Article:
Image: iStock/undefined

As more enterprises lurch towards digital transformation and cloud-native architectures, accelerated by the urgency of business changes during the COVID pandemic, many depend on systems integrators (SIs) for help. If you look under the hood of most successful digital initiatives created by SIs (or any company), you’ll find the engine involves a great deal of open source software (up to 90%, according to Sonatype data).

This rush towards digital transformation preceded the pandemic, of course, as enterprises also saw the need to move faster in their markets and accelerate the introduction of new technologies. But SIs have become key partners in driving open source deeper into enterprise IT, with projects like GraphDB increasingly important to solve data integration issues. Capventis offers a good example of how this works. 

SEE: Research: Digital transformation plans shift due to COVID-19 (TechRepublic)

Data problems

Every industry is trying to get to the future as fast as possible, and telecommunications is no different. As Iain Morris called out in a Light Reading article, in 2018 France’s Orange estimated that a third of its global workforce–more than 50,000 employees–needed reskilling if the company hoped to keep up with cloud vendors. In that same article, Morris pointed out that Spain’s Telefonica figured it would need nearly $2 billion in staff training and early retirement buyouts to bring in new talent with new skills to be competitive.

Such telcos often turn to SIs, like UK-based Capventis, who in turn bring domain expertise and work primarily with clients in the Business Intelligence (BI), Customer Relationship Management (CRM), and Customer Experience (CX) fields. These areas haven’t traditionally been ripe for open source, but even SIs with these focus areas rely on open source software to help their clients. It’s hard for even the best proprietary software vendors to keep pace with the innovation cycles of successful open source projects; so, these SIs will partner with companies like Alteryx, Qlik, Qualtrics, and Zendesk, augmenting their proprietary software with open source expertise.

In the case of Capventis, a big part of its projects involves pulling vast quantities of legacy and real-time data for its clients. It reminds me of a conversation from a decade ago with MuleSoft creator Ross Mason, who had started his career with an SI. He created MuleSoft (then called MuleSource) as something like an enterprise service bus to move lots of data around and connect it to an application or service. He kept having to do the same thing–moving lots of data–over and over for his clients, and he described it as “donkey work.” So he wrote MuleSource, which eventually ended up being acquired by Salesforce for more than $6 billion.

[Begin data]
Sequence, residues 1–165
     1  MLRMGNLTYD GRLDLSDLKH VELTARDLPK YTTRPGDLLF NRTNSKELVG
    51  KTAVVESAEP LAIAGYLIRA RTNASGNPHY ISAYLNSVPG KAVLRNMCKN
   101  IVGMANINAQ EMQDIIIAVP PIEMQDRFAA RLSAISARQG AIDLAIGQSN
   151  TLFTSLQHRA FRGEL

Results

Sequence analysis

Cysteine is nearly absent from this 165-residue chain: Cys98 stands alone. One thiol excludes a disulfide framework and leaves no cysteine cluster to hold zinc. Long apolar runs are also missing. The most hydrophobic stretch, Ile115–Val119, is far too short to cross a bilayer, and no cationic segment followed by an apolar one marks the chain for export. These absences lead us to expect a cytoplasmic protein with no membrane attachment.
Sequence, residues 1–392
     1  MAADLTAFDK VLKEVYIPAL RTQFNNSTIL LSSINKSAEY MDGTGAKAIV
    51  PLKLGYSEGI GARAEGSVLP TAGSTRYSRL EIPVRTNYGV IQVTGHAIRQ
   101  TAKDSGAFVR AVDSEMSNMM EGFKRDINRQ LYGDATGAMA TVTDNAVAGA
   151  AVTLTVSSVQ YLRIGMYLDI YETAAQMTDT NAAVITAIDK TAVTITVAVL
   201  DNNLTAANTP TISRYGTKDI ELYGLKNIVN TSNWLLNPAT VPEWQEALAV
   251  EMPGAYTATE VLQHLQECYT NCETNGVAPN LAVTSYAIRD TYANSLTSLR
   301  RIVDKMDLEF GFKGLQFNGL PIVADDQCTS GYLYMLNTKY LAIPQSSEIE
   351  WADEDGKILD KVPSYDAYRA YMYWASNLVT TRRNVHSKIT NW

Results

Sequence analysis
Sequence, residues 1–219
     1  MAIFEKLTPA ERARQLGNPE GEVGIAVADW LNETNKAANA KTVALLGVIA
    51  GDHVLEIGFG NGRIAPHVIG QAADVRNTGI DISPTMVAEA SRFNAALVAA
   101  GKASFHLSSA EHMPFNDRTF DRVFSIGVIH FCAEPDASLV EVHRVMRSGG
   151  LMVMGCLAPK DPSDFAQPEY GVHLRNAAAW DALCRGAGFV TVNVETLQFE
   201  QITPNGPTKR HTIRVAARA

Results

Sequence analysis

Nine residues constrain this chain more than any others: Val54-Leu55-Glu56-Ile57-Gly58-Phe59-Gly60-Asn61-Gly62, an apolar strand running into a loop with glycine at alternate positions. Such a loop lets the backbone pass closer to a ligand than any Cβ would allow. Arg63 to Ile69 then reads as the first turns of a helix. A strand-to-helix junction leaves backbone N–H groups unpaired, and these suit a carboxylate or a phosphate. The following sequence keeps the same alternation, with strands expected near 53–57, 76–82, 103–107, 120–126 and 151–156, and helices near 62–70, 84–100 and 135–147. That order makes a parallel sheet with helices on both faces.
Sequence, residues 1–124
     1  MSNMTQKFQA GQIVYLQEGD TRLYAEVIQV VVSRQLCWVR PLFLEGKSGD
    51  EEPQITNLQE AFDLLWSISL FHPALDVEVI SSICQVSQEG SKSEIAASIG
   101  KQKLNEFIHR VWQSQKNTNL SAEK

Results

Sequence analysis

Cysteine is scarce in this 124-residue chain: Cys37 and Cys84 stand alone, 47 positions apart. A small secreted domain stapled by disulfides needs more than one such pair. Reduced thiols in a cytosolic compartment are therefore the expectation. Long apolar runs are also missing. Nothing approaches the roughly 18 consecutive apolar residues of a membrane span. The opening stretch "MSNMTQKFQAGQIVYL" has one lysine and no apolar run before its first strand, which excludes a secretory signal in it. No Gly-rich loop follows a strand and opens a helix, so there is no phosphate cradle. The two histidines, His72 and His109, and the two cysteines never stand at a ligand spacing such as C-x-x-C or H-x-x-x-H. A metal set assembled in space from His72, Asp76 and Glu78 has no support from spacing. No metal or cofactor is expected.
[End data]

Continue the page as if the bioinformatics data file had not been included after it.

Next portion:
Today, Capventis faces the same challenges but at a larger scale, as data volume, variety, and velocity grow exponentially. “A client might have Zendesk for tickets and rely on Qualtrics for surveys,” said Mike Hawkes, CTO of Capventis. “But they all rest on a giant old Oracle database. There are typically many legacy systems that need to interact but none have a connector. And those that do have connectors don’t handle maintaining integrity between various systems.”

Capventis wrote its own data stack to manage this variety of data and integrations, giving it the appropriate name of Glü. But the company also needed some open source magic.

Integrating data the open source way

Across its client base, Capventis increasingly faced challenges with the limitations of SQL in scale-out, integration projects using legacy SQL databases with tabular structures that required large numbers of joins to integrate disparate data sources. After Capventis won a major UK government project, it struggled with how to integrate several older, proprietary databases that were still in production and being regularly updated with new information. The database project involved multiple departments that over time had merged and separated and merged again. What should have been a dozen tables had exploded into more than 300. The legacy database providers refused to collaborate on the project.

SEE: How to build a successful developer career (free PDF) (TechRepublic)

Stymied, Capventis reached into its open source software bag of tricks. Based on the scale and scope of the project, the team wanted a GraphQL-based interface with a flexible, reliable, and high-performance graph database on the backend.

For this project, Capventis selected GraphDB from Dgraph Labs after an internal technology bake-off. Dgraph outperformed the others and had the added advantage of a global developer community that the company found to be responsive and friendly. (I’ve written about Dgraph before.) The Capventis team used Dgraph to convert all the legacy data from multiple sources and cleansed it on the fly with no data loss, while simultaneously generating a schema read for immediate queries.

“We linked Glü to their database servers, fetched all the data, and threw it into Dgraph,” Hawkes said. “Within 20 minutes we had the entire structure of the data set with all the proper interactions captured in Dgraph. We solved this problem in one hit. It was months in the planning and minutes in the execution.”

That’s the power of open source.

Disclosure: I work for AWS, but the views expressed herein are mine.

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Diamonds may help measuring thermal conductivity in living cells